Sephardic Churros. Photography: Anatoly Michaello; Styling: Diana Linder
Sephardic Churros. Photography: Anatoly Michaello; Styling: Diana Linder

Sephardic Churros

Genie Milgrom's mother hid a treasure: a suitcase full of family recipes spanning generations, including a recipe for an early version of churros

Genie Milgrom’s grandmother taught her to check eggs for blood spots, to sort rice and wash vegetables to find bugs. When she baked bread, she used to take a small piece of dough and throw it in the back of the oven while saying “para buena suerte” – for good luck – and explained that it was a family tradition. But the family was actually not Jewish – her grandparents were Catholics who immigrated from Spain to Cuba in 1917, and from there to Miami, after Castro came to power. Genie was educated in Catholic schools and universities, but a chance meeting with a Jewish girl ignited Genie’s interest in Judaism and she began a conversion process. When her (Catholic) grandmother passed away, Genie discovered that she had left her a pair of old earrings with a Star of David and a hamsa pendant, and this discovery took her on a journey to find her roots. She traveled to Spain and from there to Portugal, dug through archives and managed to trace her family’s lineage back 22 generations – to the days when 45 members of her family were executed during the Inquisition, and those who survived had to hide their Jewish faith until only a few customs and a pair of earrings remained.

A few years later, Genie discovered another treasure: a suitcase that her mother hid from her, which contained family trees, birth and death certificates, baby books – as well as scraps of paper and old books full of handwritten recipe pages in tiny letters, left by generations of the women of the family. Among these papers were recipes for Orejas, or “ears” – triangular and crispy cookies eaten on Purim- or a recipe for cholatas, pork chops, which was actually a recipe for French Toast made to look like pork chops that, “the Jews would eat while burning a piece of pork in the fireplace, to make the neighbors think that they were eating it,” explains Ginny.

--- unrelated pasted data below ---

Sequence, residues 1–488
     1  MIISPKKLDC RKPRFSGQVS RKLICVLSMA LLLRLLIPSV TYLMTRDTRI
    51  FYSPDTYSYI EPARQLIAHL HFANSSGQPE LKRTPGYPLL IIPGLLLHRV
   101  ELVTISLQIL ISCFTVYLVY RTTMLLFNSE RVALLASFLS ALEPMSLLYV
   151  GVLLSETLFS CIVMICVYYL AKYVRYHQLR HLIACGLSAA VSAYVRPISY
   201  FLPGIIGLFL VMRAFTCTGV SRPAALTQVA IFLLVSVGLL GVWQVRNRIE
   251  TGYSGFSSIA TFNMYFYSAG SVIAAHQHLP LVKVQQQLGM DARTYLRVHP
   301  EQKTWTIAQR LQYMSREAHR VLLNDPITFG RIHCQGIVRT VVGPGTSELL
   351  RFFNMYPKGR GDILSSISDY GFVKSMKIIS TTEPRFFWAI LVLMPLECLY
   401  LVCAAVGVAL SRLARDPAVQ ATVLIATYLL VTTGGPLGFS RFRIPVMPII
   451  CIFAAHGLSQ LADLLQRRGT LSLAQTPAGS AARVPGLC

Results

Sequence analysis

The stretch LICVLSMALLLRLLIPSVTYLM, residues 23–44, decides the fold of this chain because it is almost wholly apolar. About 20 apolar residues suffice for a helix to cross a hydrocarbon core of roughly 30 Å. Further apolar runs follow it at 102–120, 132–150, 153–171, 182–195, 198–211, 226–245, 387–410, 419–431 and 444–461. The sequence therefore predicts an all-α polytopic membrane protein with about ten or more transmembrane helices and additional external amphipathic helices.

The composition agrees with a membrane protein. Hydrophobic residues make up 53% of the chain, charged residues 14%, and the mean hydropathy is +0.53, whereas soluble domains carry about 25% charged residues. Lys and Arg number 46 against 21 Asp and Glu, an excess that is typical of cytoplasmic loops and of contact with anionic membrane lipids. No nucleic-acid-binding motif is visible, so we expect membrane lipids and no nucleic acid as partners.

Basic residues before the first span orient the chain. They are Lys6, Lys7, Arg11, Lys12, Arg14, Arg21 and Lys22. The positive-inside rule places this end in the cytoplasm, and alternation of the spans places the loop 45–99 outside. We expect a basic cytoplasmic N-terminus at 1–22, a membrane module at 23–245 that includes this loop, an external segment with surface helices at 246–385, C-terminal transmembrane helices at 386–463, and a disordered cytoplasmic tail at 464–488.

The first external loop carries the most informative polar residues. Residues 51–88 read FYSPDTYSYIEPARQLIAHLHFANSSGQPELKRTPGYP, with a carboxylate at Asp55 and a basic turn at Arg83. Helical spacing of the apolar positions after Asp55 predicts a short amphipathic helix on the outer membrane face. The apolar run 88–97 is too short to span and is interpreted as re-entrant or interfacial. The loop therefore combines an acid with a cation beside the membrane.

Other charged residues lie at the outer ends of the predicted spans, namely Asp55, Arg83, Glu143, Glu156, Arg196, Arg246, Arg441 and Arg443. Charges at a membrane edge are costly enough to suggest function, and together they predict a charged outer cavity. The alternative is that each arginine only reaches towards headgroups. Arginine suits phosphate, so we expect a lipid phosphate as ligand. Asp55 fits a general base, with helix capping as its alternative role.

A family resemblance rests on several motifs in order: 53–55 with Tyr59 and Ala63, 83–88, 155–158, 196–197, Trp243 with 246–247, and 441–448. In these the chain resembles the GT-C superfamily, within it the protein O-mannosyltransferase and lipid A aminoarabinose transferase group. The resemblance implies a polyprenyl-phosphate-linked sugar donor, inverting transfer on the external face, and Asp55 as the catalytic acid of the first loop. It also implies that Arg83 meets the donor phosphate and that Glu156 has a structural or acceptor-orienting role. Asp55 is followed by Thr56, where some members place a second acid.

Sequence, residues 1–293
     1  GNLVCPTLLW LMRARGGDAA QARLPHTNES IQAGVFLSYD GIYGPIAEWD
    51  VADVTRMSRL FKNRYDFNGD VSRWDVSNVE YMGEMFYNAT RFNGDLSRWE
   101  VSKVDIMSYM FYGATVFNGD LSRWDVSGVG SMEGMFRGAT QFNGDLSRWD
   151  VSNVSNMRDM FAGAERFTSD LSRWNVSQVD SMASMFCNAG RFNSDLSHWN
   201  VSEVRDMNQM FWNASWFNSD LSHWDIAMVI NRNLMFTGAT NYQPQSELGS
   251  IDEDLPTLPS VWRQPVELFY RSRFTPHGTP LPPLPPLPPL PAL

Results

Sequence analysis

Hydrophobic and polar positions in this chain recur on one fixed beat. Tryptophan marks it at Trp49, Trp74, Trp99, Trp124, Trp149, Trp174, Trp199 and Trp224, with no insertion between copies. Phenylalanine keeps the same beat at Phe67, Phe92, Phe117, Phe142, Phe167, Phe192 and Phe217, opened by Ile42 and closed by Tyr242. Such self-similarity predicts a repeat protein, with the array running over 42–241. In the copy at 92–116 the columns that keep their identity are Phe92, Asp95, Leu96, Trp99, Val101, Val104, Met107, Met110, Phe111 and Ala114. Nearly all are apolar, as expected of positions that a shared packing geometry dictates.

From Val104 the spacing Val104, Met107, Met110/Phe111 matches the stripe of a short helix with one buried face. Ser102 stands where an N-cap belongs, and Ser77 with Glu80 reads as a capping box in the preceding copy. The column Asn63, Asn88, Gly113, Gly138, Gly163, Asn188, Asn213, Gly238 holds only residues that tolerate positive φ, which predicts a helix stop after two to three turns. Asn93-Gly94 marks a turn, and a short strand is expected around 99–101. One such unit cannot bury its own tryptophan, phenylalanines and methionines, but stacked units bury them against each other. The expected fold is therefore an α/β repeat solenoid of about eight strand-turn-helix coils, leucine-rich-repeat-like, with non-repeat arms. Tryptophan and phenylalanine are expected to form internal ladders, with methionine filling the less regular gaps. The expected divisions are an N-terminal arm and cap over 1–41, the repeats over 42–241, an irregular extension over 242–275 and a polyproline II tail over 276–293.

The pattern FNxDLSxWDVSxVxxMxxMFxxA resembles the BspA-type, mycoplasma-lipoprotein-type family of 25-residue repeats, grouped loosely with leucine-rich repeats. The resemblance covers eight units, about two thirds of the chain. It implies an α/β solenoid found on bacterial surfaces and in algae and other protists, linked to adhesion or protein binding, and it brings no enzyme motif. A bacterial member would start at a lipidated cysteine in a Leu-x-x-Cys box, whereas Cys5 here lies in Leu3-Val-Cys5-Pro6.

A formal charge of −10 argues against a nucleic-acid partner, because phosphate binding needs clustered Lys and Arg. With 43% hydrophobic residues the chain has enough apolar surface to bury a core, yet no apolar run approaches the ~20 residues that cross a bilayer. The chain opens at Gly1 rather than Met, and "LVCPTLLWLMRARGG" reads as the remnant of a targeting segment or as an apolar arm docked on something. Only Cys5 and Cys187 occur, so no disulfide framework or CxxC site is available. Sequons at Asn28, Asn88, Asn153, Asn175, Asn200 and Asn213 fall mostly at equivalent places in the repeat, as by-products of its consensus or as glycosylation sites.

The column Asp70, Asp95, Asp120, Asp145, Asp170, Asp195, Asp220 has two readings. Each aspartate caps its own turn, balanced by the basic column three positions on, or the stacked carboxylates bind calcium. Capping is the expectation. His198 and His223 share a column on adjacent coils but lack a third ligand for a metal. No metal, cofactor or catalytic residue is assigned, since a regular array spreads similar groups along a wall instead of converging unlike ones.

Sephardic Churros

Genie documented her journey and the recipes she found in the book “Recipes of My Fifteen Grandmothers: Unique Recipes and Stories from the Times of the Crypto-Jews during the Spanish Inquisition.” Among other dishes, she includes a recipe for a very simple version of churros that her family prepared on Hanukkah: a water and flour based batter, without eggs and with very little sugar, rolled by hand into the shape of a snake but not fried in oil.
In the updated recipe below, the dough is enriched with eggs and butter, which makes it softer and stickier and requires frying hot oil. Those who want even richer churros, can replace all the water, or just a part of it, with milk.

Ingredients for Sephardic Churros

  • 1 cup + 1 tablespoon (250 ml) water
  • 2.1 oz (60 grams) butter
  • ⅓ teaspoon (2 grams) Salt
  • ¼ cup + 1 tablespoon (60 grams) Sugar
  • 1 ½ cup + 1 tablespoon (220 grams) flour
  • 2-3 eggs beaten

For the coating:

  • 1 cup Sugar
  • ¼ cup cinnamon


  • 1. Heat water and butter in a pot to boiling point. Add salt and sugar and stir until the sugar dissolves. Lower the flame, add flour all at once and mix until you get a uniform dough that easily separates from the sides of the pot. Continue cooking for another minute or two until the dough dries out a little and loses its shine.

  • 2. Transfer the dough to a mixer fitted with the paddle attachment and mix at low speed, until it cools a little; it should be warm to the touch, but not hot enough to cook the eggs.

  • 3. Add the eggs gradually, a tablespoon or two at a time; the dough will break every time you add an egg and come together again. Continue adding eggs until you get a soft and sticky dough - when you stretch a little dough between two fingers, a "spike" of dough is formed between them.

  • 4. Transfer the batter to a piping bag with a ⅔-inch (1½ cm) diameter serrated tip. You can prepare the batter a day in advance and keep it in the refrigerator (bring it back to room temperature before frying).

  • 5. Heat oil for deep frying in a large, wide pot: if you have a thermometer, heat the oil to 350F (180C) degrees. If you do not have a thermometer, place a small piece of dough in the oil to test readiness; the oil should gently bubble around it.

  • 6. Pipe 2⅓"-2¾" (6-7 cm) long churros into the hot oil. Fry for about 2 minutes on each side, until the churros are puffy and golden. Meanwhile, mix sugar and cinnamon in a wide plate.

  • 7. Remove the hot churros with a slotted spoon. Drain well and transfer to the plate with the cinnamon sugar mixture until coated on all sides.

*שמנו לב שחסרים כמה פרטים קטנים להשלמת הפרופיל שלך ב־FOODISH, אפשר להוסיף אותם בקלות בעמוד המשתמש שלך.